Have you ever wondered what Hotline Miami would be like without the violence and murder? For me, that sounds like it would make for a pretty boring game, but the new release oOo: Ascension evokes the same sense of urgency to reach your destination with an addictive formula that will likely have you trying again and again, no matter how many times you fail.
The premise behind the game is quite simple: you control a small ship through mazes that are built upon a sphere, and if you touch the walls or one of the many traps or obstacles the game throws at you, you’re dead. I assure you that death will come often and quickly, as the game takes no time in pumping up the difficulty. Much like the hyper violent game previously mentioned, you can respawn instantly, which makes getting back to the game quick and reduces frustration. I found the puzzle designs to be satisfying, with a number of the challenges throwing a random screw ball at you, such as having the walls close in on you just short of the goal. This will happen often after completing a much more difficult segment, which makes the loss even more painful, but encourages you to improve. A useful tool to aid you in improving your runs is the fact the game will include a ghost of your previous attempt, which I found moderately helpful in some of the more trap heavy levels.
The game is huge, with countless levels spread across a number of worlds known as sectors. Not much changes between them as far as the overall premise aside from new hazards to avoid. As I mentioned earlier, it gets pretty difficult after a short period of time. I was able to speed through the first few levels with ease, completing them in seconds, whereas later levels took me a minute or more to finally complete.
The game’s controls are tight and responsive, which makes most failures feel well deserved. While the simple controls are accessible, you will need lighting quick reflexes to progress through later levels. I am a bit disappointed by the lack of the ability to rotate the sphere, as this would make some of the more challenging puzzles that offer multiple paths less frustrating. In your time with the title, you’ll only need a face button to reset the level at any time, the left or right stick to move, and the right trigger to use the boost feature. The boost mechanic does essentially what it says, but is a bit harder to steer using this option. I found myself taking more time to complete the levels using the boost and only used the speedier method of travel when absolutely necessary.
The visuals work well, with an overall design that evokes the feeling that this is part of the Portal universe. While unrelated, it’s easy to draw this connection due to the muted, off white tones with many single color elements added. The ship you pilot even resembles a slightly deformed version of the turret you’d find in Aperture Labs. I’d often die expecting GLaDOS to chime in with a snarky comment.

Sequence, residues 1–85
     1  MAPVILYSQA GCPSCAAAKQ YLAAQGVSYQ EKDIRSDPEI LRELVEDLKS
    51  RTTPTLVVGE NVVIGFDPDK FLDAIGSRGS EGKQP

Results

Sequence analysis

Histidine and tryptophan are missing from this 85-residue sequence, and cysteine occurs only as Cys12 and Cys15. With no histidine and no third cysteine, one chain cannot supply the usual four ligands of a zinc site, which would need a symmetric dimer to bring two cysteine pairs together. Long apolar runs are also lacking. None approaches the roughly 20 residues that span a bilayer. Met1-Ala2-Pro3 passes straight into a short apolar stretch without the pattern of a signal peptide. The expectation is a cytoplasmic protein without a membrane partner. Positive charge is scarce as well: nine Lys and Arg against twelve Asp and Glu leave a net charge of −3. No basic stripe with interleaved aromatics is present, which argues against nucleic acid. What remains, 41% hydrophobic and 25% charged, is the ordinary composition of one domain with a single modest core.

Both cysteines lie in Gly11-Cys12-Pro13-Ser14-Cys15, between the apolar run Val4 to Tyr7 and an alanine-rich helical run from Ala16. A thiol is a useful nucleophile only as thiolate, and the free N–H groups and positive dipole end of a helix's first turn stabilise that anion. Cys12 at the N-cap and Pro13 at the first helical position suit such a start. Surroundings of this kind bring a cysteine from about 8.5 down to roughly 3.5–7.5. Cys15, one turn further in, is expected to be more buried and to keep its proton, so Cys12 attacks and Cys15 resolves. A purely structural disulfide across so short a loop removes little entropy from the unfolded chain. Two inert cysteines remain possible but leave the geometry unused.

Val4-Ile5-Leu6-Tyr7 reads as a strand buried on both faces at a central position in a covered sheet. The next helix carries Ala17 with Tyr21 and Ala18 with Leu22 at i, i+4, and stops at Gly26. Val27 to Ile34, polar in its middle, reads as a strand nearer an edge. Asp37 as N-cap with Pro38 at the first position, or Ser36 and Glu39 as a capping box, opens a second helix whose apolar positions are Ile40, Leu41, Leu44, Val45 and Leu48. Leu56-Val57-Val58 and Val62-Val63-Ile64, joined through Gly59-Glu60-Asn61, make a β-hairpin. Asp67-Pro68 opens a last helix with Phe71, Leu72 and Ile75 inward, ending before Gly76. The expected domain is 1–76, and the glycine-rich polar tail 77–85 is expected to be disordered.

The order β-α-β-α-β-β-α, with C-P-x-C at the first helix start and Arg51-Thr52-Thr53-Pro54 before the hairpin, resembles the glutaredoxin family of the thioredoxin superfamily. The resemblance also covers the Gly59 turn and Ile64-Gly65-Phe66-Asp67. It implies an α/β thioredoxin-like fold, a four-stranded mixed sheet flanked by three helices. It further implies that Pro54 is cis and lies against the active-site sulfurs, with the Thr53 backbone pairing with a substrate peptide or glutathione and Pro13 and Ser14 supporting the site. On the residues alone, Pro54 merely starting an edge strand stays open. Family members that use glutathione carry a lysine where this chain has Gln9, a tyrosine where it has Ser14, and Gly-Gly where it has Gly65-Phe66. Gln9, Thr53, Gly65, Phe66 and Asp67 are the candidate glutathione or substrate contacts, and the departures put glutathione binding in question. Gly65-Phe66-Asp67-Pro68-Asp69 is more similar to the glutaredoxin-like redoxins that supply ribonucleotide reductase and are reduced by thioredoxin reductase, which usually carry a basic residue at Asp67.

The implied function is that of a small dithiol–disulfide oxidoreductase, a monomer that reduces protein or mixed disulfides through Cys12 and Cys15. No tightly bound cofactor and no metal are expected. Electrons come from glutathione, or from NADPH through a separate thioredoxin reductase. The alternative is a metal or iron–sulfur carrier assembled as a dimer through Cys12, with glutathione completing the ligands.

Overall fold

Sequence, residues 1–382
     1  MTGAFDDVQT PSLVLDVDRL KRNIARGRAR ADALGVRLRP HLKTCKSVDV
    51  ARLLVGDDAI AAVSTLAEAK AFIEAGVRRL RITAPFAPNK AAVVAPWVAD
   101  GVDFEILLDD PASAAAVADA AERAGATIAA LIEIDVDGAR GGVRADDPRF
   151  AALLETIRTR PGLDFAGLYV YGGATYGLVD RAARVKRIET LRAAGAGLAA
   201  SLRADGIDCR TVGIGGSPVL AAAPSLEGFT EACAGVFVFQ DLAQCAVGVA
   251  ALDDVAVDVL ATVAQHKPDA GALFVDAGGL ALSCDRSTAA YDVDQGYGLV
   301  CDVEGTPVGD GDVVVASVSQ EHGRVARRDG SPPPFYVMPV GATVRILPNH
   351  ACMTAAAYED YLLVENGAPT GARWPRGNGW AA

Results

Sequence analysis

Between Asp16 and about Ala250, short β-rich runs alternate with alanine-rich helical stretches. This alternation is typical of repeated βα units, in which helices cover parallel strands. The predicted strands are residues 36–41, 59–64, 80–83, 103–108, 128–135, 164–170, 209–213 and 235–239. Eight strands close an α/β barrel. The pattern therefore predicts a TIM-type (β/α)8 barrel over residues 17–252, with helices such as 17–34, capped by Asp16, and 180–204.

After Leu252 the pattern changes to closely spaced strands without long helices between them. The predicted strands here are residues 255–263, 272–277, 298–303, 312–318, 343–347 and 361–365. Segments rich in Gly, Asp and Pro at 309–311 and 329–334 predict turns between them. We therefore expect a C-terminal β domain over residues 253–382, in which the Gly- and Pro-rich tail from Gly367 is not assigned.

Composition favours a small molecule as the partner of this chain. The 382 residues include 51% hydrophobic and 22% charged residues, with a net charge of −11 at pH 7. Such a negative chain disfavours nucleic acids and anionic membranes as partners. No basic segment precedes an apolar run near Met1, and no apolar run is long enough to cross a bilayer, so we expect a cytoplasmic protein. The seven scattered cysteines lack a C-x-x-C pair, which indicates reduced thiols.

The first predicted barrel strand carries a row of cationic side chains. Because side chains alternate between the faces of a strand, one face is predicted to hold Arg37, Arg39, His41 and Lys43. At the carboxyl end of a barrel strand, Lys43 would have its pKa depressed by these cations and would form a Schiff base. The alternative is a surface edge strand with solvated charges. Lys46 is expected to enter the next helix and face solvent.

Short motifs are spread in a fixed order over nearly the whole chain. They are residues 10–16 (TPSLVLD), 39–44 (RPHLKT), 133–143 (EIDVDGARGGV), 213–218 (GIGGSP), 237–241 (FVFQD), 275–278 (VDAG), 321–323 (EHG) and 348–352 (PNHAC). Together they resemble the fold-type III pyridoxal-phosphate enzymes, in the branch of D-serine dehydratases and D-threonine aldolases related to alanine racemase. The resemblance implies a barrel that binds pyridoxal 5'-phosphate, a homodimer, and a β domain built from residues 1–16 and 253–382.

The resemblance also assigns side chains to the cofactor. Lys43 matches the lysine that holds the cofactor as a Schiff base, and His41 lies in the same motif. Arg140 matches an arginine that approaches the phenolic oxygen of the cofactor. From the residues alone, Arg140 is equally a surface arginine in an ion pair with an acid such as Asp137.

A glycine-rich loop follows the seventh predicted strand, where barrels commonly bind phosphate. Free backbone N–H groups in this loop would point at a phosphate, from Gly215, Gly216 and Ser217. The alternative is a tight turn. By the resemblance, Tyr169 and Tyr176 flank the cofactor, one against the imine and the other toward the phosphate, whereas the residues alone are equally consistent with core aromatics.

The game can be played in couch co-op, where each player must complete the same puzzle, which neither adds nor removes from the game, but does alleviate the need to take turns if you’re like me and have a child who always wants to join in on the fun. In addition to the co-op mode, there isn’t much to do once you’ve completed the many levels, aside from replaying past sequences to earn a coveted oOo rating on each level, which requires nothing short of perfection and careful use of the boost feature. The game boasts a huge number of challenges, so it doesn’t feel short by any means, but does lack a reason to revisit it once you’ve completed it.
If you’re looking for a great puzzle game that is highly addictive, you could do a lot worse than oOo: Ascension. With its challenging gameplay that can be played in small chunks, I would highly recommend purchasing this title.
8 out of 10
- Short Challenges Completed in Seconds
- Huge Number of Levels
- Tight Responsive Controls
- Appealing Design
- Some Cheap Deaths
- Not Much Replay Value
- Lack of Online Co-op
oOo: Ascension was developed by Kenny Creanor and published by Extra Mile Studios. It launched on X1 May 25th, 2018 for $14.99. The game was provided to us for review on X1. If you’d like to see more of oOo: Ascension, check out the official site.
Here at GBG we use a rating method that you are more than likely familiar with – a scale of 1 to 10. For clarification, we intend on using the entire scale: 1-4 is something you should probably avoid paying for; 5-7 is something that is worth playing, but probably not at full price; 8-10 is a great title that you can feel confident about buying. If you have any questions or comments about how we rate a game, please let us know.